Shallow Water Demo


This is a little fluid dynamics demo that I wrote back in 2012–2014. The demo simulates water flows across a 3-D landscape. The water surface is modelled as a 2-D heightfield using the "shallow water equations". The calculations are done on the GPU and the simulation runs in real time for reasonable grid sizes.

The intention of this work was to investigate the feasibility of using the shallow water equations within the context of physics simulation in videogames. Therefore, emphasis has been placed on computational efficiency and the graphical appearance of the results, and not so much on strict physical accuracy.



Click here to download the demo zip file (2.1 M)

The demo should run on any reasonably modern Windows PC. (It can also be run in Linux using WINE.)

The source code (2.3 M) is also available.


What are the shallow water equations?

The basic idea is behind the shallow water equations is that we take a vertical average of the equations of fluid dynamics (the Navier-Stokes equations). This leads to a new set of equations which describe the fluid depth and velocity as functions of x and y (the horizontal directions) only.

The advantage of doing this is that the computational cost of solving the equations is reduced (compared to a full 3-D simulation). The flip side is that the results are less realistic, since a 2-D "height field" approach (which is essentially what this is) fundamentally cannot represent certain features, such as breaking waves, complex splash/spray patterns, etc.

The equations themselves are well known and can be found in Acheson 1990 (see references below) or on Wikipedia for example.

How does this demo implement the shallow water equations?

We use the method of Kurganov and Petrova 2007 (see references below) to solve the equations. The calculation is done on the GPU in three passes (per simulation timestep) using custom pixel shaders (implemented in HLSL). It runs in real time for reasonable mesh sizes.

What about the graphics/rendering?

The rendering has been kept fairly basic. The water and terrain are rendered as simple height field meshes. The water shader takes into account attenuation (deeper water appears darker), reflection (but only the sky and clouds are reflected, not the terrain), refraction (in an approximate way), and the Fresnel effect.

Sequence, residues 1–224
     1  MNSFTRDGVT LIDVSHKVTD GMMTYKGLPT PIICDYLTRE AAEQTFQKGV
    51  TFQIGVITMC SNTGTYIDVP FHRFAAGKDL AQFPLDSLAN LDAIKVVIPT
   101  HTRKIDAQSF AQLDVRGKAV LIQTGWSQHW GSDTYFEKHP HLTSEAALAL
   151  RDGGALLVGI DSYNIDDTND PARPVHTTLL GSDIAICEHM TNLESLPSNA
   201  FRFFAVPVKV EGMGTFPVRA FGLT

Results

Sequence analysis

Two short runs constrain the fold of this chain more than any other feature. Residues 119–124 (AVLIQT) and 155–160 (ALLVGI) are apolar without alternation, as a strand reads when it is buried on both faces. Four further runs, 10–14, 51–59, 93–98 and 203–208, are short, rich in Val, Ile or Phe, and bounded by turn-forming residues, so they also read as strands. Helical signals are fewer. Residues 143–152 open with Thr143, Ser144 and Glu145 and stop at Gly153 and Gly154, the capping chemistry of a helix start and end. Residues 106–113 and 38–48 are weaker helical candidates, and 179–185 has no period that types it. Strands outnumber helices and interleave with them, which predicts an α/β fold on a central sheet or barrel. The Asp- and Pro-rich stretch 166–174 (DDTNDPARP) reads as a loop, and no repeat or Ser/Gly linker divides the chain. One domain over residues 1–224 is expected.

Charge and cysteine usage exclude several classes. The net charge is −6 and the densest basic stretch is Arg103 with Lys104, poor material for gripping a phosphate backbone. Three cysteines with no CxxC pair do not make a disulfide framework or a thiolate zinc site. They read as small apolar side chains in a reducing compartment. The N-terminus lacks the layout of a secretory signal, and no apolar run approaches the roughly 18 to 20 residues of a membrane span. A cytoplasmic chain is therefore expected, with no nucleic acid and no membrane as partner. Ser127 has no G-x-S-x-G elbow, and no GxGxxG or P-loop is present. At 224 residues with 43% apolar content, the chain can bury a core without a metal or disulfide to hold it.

It would probably look better if the landscape was reflected in the water, better textures were used, a few trees and bushes were added, etc.


What can we conclude from this experiment? Is using the shallow water equations a reasonable way to simulate water flows in games? I'm not sure. The demo shows that we can do a reasonably good simulation on the GPU, in something approaching real-time, at least if the grid resolution is kept fairly small. The problems are (a) one needs a relatively high grid resolution to get realistic looking results (and this means the simulation can't necessarily run in real time any more), and (b) you can sometimes get weird "spiky" looking artifacts in the water surface (I presume this is because of the shallow water approximation breaking down, once the water depth exceeds a certain amount).

I suspect, therefore, for real applications, it might be better to use either a linear approximation (for simulating waves on ocean or lake surfaces for example), or some kind of full 3D simulation (although that would be expensive in terms of computing time, of course).

An example of a 3D simulation, using smoothed particle hydrodynamics (SPH), can be found towards the end of this video by Sebastian Lague.

I suppose it might still be possible to use the shallow water equations, with a relatively low-resolution grid, to simulate the large scale flow of water over a landscape (i.e. to decide roughly where the rivers and lakes should be placed on some kind of open world landscape) and then use graphical tricks (textures, shaders, particles etc) to actually render those rivers and lakes in a more realistic way. That might be an interesting experiment to try in future.

I'm not sure which games actually include water physics simulation these days. Apparently Red Dead Redemption 2 includes some fairly realistic water simulation but I do not know what methods they use to achieve this.


D. J. Acheson, "Elementary Fluid Dynamics", Oxford University Press, 1990.

A. Kurganov and G. Petrova, "A Second-Order Well-Balanced Positivity Preserving Central-Upwind Scheme for the Saint-Venant System", Commun. Math. Sci., Vol. 5, No. 1, pp. 133-160, 2007. Available online at


The source for the "grass" texture used in the demo is the Terrain Texture Pack created by Virtually Infinite Systems (unfortunately no longer available online it seems).

The skybox texture was created using Terragen (classic edition, non-commercial licence).

The Guichan open source library was used to create the sliders and other GUI elements visible in the demo.